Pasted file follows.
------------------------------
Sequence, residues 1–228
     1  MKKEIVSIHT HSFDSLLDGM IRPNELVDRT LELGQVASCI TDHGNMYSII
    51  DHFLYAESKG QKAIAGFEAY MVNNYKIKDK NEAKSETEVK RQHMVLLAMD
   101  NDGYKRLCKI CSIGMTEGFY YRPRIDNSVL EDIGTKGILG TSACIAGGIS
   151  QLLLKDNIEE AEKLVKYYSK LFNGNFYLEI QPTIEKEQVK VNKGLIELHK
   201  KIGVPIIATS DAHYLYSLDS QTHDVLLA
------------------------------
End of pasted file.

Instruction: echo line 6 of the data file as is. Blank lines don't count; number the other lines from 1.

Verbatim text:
   201  KIGVPIIATS DAHYLYSLDS QTHDVLLA